“Desperate refugees who risked their lives in the hands of smugglers, died recklessly.” These headlines often pop out on the front page of our newspapers but we hardly tend to notice. Thousands of refugees die each year, some drown, few of them are left injured, others perish in deserts but there are only a few cases which come to light. In this juggling race of everyday life do we ever think what makes people like us to endanger themselves at the stake of better life. There is one method which is considered to be the most ruthless of escaping one’s country and that is human smuggling.
First of all let’s understand what is human smuggling? It is the practice of mediators i.e (smugglers) who aid undocumented migrants in crossing international borders illegally for their own financial gains. It is the harsh process of transporting refugees from one country to another until they reach their destination. According to the report by UNODC, there were about 2.5 million migrants smuggled worldwide let alone in 2016 and the number is constantly rising with each year.
There must be a reason behind why some people choose to be refugees or under certain circumstances are forced to be so. They are categorised under three kinds. The first kind belongs to those who are financially unstable and seek for such kind of support which could enable them to fulfill the needs of their families. These people are inadequate to establish themselves in their mother country nor are successful in getting jobs. Therefore such individuals believe that they need to get settled in richer countries either by hook or by crook.
The second kind belongs to those countries who are politically disturbed and hence result in the deaths of hundreds of civilians each year. These people in virtual reality feel the need to escape their countries in order to live with freedom and their basic fundamental rights.
The third kind is a bit hard to believe, but these are the ones who get impressed by the foreign lifestyle. The mesmerising tales of rich countries are often narrated by the NR’s (non residents) of these countries, hence exaggerating everything they do and reflecting a sense of superiority. Thus people get influenced by them and want to try out new countries, more of like an adventure but most of the times become easy prey of smugglers because they do not anticipate the risk of choosing illegal way and the dangers they might encounter. The interesting fact is that these people live good lives in their motherlands but still under peer pressure are ready to become refugees.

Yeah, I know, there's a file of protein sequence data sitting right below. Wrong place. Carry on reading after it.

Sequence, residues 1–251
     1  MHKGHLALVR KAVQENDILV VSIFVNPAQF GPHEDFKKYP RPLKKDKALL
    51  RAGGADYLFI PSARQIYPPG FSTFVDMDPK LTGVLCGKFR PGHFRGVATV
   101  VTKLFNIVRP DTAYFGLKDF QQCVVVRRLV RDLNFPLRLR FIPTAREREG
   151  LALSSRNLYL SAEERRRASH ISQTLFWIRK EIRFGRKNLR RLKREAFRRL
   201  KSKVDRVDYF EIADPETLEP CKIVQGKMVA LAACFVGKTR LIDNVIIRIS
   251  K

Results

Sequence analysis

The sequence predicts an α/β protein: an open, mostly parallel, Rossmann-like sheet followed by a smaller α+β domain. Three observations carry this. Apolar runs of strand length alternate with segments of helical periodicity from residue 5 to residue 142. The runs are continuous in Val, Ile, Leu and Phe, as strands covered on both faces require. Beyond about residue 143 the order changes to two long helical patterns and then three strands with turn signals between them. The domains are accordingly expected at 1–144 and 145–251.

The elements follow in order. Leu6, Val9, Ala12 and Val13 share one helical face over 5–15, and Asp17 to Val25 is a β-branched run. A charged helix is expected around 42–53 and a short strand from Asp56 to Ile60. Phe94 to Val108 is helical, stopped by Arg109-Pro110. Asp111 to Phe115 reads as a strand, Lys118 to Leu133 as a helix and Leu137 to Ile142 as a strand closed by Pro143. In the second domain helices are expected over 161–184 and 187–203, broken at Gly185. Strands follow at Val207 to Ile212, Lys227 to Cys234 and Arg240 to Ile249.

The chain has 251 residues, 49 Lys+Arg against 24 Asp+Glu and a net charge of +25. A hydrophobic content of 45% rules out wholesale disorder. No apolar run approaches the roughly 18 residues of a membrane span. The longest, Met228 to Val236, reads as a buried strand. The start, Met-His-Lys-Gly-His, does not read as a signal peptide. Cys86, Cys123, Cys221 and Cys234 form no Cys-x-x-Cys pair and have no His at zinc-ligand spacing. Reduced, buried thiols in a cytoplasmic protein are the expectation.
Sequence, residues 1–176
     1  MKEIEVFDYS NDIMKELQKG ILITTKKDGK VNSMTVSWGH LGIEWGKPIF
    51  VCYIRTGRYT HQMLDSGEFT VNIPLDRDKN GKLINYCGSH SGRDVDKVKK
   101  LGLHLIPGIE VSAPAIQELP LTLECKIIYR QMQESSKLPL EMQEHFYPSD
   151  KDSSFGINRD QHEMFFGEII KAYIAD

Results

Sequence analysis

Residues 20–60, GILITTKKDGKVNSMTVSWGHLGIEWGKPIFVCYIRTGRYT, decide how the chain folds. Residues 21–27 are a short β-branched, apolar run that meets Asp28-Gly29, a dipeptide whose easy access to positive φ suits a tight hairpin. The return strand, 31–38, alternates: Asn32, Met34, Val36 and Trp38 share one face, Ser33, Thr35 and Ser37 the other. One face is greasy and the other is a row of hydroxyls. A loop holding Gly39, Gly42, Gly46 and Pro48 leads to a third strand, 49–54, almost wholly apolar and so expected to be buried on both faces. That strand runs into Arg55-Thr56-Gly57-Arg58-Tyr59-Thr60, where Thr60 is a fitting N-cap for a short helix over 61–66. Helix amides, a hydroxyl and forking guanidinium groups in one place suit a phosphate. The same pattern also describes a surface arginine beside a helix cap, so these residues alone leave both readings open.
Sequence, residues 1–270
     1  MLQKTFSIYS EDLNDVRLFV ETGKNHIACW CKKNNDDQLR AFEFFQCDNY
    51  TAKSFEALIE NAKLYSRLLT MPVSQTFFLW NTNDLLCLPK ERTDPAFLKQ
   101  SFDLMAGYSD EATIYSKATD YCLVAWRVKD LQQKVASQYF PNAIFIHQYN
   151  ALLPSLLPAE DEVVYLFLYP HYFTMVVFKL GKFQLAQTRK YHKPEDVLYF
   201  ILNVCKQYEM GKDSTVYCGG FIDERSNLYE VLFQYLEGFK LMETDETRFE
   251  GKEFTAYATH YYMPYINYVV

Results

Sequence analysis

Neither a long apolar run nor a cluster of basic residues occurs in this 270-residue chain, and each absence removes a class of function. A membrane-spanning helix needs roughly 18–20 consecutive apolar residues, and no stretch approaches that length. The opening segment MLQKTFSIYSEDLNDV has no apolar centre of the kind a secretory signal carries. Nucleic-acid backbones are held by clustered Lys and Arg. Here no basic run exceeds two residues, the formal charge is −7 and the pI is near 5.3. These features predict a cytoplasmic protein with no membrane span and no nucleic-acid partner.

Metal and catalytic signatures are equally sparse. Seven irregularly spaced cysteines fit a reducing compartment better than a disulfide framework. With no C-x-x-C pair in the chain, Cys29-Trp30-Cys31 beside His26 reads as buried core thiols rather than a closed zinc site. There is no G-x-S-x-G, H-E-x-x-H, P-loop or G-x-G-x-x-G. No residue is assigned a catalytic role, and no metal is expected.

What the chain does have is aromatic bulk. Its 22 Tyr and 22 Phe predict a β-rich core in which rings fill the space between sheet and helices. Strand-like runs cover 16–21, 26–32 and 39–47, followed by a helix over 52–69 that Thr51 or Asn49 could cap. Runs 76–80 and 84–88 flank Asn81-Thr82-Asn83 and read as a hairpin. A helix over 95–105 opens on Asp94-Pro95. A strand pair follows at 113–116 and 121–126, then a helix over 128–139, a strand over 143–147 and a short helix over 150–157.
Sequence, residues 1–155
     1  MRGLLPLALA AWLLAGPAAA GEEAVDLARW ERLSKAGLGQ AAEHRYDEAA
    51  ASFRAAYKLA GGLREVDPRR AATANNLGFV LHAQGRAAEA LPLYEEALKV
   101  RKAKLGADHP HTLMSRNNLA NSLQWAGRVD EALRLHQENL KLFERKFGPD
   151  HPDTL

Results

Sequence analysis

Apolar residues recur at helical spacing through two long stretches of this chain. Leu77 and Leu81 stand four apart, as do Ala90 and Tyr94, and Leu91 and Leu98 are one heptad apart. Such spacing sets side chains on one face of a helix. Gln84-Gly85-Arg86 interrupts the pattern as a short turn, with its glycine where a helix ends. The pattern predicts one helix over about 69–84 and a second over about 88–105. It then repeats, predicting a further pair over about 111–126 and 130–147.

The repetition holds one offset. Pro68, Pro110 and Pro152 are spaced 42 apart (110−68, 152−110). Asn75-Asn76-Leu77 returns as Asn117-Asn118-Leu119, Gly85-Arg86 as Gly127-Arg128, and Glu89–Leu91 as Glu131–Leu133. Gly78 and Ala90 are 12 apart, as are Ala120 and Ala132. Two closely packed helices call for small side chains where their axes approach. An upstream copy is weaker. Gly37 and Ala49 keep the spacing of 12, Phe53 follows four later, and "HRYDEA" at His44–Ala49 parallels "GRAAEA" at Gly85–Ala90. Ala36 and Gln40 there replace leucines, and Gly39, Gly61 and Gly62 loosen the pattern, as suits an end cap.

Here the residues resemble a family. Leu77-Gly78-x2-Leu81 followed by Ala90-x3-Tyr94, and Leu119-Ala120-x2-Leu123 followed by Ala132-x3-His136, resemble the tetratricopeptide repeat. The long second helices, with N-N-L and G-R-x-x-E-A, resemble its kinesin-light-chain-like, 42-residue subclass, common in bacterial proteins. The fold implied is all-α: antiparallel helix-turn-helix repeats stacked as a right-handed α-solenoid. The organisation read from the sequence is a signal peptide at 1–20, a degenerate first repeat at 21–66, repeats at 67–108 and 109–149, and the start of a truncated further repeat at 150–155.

The process of getting smuggled is quite long and risky, sometimes it even takes more than a year. The people are called “goods” and are often treated worst than animals. Mostly males are involved in this process in large groups ranging from nine to eighteen and are segregated in different groups. People usually get smuggled either in Europe or in North America depending upon their mother country. In order to go to any country of Europe from Asia one has to cross roughly five to six countries. On the other hand, to reach North America from Asia one has to go through approximately eight countries. One has to walk on the top of ice for kilometers, sometimes have to stay in a country for couple of days without food and water, and a times get detained if caught by border control police.
The smugglers earn about $6.75 billion dollars a year by exporting people.
The global figure is likely to be much higher. The refugees pay a big amount to the smugglers by lending loans from banks at high rate of interest or from landlords. The smugglers exploit refugees by charging way more than required and not fulfilling even their basic needs while smuggling. This process is carried down by a chain of smugglers. The refugees who once set out for their journey only have two options, either to continue at any condition or to die if they refuse to oblige. Their passports are often confiscated and destroyed. Under terror and fear refugees accept whatever they are asked to do so, which comes with the cost of both mental and physical abuse. Smugglers do great promises with the refugees, but in reality, can even leave them on their own in the midway, if they anticipate any danger to themselves.
In a nutshell, I would like to say that refugees go through extreme lengths in search for a better and opportunistic life but in reality the post effects stains on their minds and hearts forever leaving them vulnerable for the rest of their lives. They often suffer from PTSD, depression and anxiety. Their struggle for asylum after they reach their dream country is extremely tough and worth a lot of money. In short they are exposed to all kinds of harsh scenarios. To conclude I would like to say that it’s the time to address the issues around us and give a voice to all those buried and unheard stories.